In the late 1920s, when Mikhail Bulgakov debuted Molière, or The Cabal of Hypocrites, his theatrical account of the French playwright's post-Tartuffe troubles, the Russian provocateur depended on audiences to recognize their own oppression under Stalin's regime in the 17th-century satirist's struggle against religious hypocrisy and absolutism. Apparently, they did.

The production was banned after only seven performances, and Bulgakov himself finally sent a missive to Stalin appealing for freedom to continue his artistic work — a career that would culminate in his fantastical anti-Soviet masterpiece, The Master and Margarita  — or go abroad. Stalin extended his protection, and the author continued in his homeland before eventually dying of kidney disease.

City Garage's world premiere, Bulgakov/Molière, playwright and producer Charles A. Duncombe's work about this series of events, demands similar leaps of its audience, using the lens of 1930s Russia and France under Louis XIV to refract America's religious right, the tyrannies of public opinion and political correctness and even nonprofit arts management.
The Frédérique Michel–directed play opens on Bulgakov (David E. Frank) dictating the infamous letter and admitting that he has thrown the Master and Margarita manuscript into the stove. That night, the denizens of his aborted novel visit Bulgakov for an unearthly staging of Molière, while the playwright retreats to watch the proceedings from a private box and argue with the players over the role of the artist.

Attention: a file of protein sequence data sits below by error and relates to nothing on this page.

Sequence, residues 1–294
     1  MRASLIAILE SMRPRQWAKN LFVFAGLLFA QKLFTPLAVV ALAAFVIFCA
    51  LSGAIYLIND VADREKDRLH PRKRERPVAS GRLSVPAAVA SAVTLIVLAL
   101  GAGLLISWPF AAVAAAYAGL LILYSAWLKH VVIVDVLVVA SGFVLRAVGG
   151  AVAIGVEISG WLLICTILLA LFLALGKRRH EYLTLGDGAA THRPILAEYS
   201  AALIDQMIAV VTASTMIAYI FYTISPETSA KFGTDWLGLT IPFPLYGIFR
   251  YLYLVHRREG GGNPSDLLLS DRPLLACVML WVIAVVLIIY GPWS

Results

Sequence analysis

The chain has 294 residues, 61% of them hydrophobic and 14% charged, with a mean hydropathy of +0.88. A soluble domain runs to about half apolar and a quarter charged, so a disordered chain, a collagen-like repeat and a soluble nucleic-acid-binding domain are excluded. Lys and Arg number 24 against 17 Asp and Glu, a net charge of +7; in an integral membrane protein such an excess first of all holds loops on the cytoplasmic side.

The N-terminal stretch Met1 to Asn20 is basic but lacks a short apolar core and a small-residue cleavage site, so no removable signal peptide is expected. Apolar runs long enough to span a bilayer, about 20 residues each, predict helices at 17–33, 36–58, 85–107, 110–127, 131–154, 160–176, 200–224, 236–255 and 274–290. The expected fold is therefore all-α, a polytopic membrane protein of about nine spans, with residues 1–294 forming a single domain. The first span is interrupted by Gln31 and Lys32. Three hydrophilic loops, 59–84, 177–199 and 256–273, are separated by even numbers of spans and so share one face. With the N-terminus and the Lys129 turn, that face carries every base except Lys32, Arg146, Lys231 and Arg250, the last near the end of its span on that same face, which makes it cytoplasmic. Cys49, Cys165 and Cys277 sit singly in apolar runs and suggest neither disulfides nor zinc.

Packed with contemporary, literary and historic allusions and running nearly three hours, this show isn't for the faint of heart. I found myself wishing that the large ensemble's weaker players possessed the acting chops and precise physicality to consistently deliver on Michel's ambitious vision.

But the show is whip-smart and blessed with sumptuous production design, a wicked sense of humor and excellent principal players. As Molière, George Villas captures the artist intent on lampooning buffoons who's here rendered both ridiculous and tragic by his passion for a young woman who (gulp) might also be his daughter.

Alex Pike's Louis XIV provides brilliant comic relief as a divine monarch beset by low polling numbers and right-wing radio pundits. Nathan Dana Aldrich's Professor Woland, the Mephistophelean Master in Bulgakov's tome, doubles as a disturbing minister-cum-interrogator.

City Garage at Bergamot Station Arts Center, 2525 Michigan Ave., Bldg. T1, Santa Monica; Fri.-Sat., 8 p.m.; Sun., 5 p.m.; through June 1; no performances May 16-18. (310) 453-9939,

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